Unlike the first generation headset, you can no longer stow away the controller on the inside of the front flap of the new View. Google suggests putting the controller in a loop on the rear strap. It makes sense — we hardly transported our headset, so there wasn’t much of a need to stow the controller.

The option to place it in the strap is just as convenient. The flap where you put your phone now doubles as a magnesium heat-sink, which helps with a very real problem with VR: Burning hot phones. Last year, our Pixel XL often got incredibly hot after about an hour of VR use, causing games to stutter and slow down.

We’ve already seen the heat-sink on the new headset help a lot. We played a few games and watched some 360-degree content for about an hour, and our Pixel 2 XL only got warm. This means you should be able to spend more time in VR without heat forcing you to stop.

Genevieve Poblano/Digital Trends

But the best improvement over last year’s Daydream View is the 10-degree wider field of view. It’s easy to notice the difference when switching between the 2016 and the 2017 model. Ten degrees might not sound like much, but you’re able to see a great deal more on the screen, and best of all there’s far less light leak.

Last year’s headset had gaps on the sides and near the nose, which allowed light to leak in from outside and disrupt the experience. You can always turn off the lights, but that’s merely a half-measure. There’s almost zero light leak with the new headset, though we did see a few gaps near the nose — you may have to adjust the headset so everything is completely covered.

There’s almost zero light leak with the new headset The Daydream View is also a bit heavier than before, and while it’s not as comfortable, it’s still takes the crown as the comfiest mobile VR headset. It’s primary competitor is Samsung’s Gear VR, which uses hard plastic.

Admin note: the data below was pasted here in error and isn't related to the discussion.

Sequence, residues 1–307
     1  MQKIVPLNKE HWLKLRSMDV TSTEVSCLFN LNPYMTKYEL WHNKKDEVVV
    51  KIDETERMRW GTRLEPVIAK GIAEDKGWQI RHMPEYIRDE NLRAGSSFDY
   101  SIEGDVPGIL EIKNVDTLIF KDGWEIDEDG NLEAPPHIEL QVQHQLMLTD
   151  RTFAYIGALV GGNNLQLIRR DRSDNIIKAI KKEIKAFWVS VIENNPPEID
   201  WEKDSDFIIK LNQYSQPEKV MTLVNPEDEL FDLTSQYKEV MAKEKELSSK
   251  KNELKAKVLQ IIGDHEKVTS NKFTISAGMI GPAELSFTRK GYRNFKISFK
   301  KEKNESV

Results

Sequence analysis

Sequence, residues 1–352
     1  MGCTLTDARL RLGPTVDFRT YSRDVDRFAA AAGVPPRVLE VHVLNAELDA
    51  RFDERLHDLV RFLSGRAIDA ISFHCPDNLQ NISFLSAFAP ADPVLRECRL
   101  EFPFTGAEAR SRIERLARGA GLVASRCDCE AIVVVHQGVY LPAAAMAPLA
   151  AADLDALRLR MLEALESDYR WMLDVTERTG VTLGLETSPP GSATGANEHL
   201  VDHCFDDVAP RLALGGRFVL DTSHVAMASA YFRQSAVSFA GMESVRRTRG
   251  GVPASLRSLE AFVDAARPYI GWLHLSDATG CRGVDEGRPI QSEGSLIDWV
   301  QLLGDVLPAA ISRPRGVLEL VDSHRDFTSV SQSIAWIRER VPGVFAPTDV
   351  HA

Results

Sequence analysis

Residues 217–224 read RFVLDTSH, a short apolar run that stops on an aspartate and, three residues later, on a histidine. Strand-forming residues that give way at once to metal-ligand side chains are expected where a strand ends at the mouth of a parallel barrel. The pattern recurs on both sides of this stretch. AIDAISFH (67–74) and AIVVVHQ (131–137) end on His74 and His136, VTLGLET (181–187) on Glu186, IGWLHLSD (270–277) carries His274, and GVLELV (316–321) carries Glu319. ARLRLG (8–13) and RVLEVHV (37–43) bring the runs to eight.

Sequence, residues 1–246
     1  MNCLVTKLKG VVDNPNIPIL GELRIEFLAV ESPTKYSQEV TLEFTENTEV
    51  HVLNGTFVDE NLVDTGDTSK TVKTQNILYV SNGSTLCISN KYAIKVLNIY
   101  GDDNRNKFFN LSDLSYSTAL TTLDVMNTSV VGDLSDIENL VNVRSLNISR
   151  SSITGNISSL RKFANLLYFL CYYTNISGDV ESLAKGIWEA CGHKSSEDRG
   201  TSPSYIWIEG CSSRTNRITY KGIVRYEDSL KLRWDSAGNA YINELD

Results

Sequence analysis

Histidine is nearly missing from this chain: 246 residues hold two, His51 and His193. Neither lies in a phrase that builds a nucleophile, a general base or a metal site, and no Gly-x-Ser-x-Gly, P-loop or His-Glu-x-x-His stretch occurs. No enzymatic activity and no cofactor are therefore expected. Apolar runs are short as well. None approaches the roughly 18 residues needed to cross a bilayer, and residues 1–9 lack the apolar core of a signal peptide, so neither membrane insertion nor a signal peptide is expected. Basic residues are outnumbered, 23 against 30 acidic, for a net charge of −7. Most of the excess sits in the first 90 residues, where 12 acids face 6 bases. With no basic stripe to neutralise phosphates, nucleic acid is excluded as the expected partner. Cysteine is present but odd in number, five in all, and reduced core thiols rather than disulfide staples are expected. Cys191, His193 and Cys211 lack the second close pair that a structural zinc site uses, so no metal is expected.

It’s bulkier, heavier, and not as attractive or comfortable. Not much has changed with the plastic controller. It fits perfectly in the palm of our hands, kind of like a Nintendo Switch Joy-Con[6], and feels smooth to the touch.

The controller now matches the color of the headset you buy, instead of always being a dull gray. There’s an indented trackpad that can recognize swipes and presses, an App button, a Home button, and a volume rocker on the side. Press and hold the Home button to re-center the home screen or the action in any app or game.

The biggest physical difference is that the App button is now raised to differentiate it further from the Home button.

Simple set up

Right now, there are 12 phones that work with Daydream VR: Google Pixel, Pixel XL, Pixel 2, Pixel 2 XL, Samsung Galaxy S8, Galaxy S8 Plus, Galaxy Note 8, LG V30, Moto Z Force, Moto Z2 Force, Asus Zenfone AR, Huawei Mate 9 Pro, and ZTE Axon 7. It’s an impressive list that has grown considerably this year, but hopefully we’ll start seeing more budget-friendly devices trickle into the list. You’ll ideally want to use a device with a higher resolution as everything will just look better.

Playing a game on the Pixel 2 XL, for example, looked a lot better than on the Pixel 2. There’s no support for iOS yet, so don’t expect to use Daydream with an iPhone X. One of the best parts about Daydream is how easy it is to jump right in.

You just need to make sure the Daydream app is installed — if not you can find it on the Google Play Store. Place the phone on the inside of the flap, and an NFC sensor will detect it. Your phone may ask you to press and hold the Home button on the controller so it can pair with it.

Once done, Daydream mode should automatically launch on your smartphone. Just close the flap and attach the rubber strap to the “front door latch” to keep it secure. It’s all pretty simple after that.

You’ll see a pointer — that’s the direction your controller is pointing. Use it to point at apps or games you want to open and press the trackpad. The controller feels far more responsive and Google said it did make it more accurate.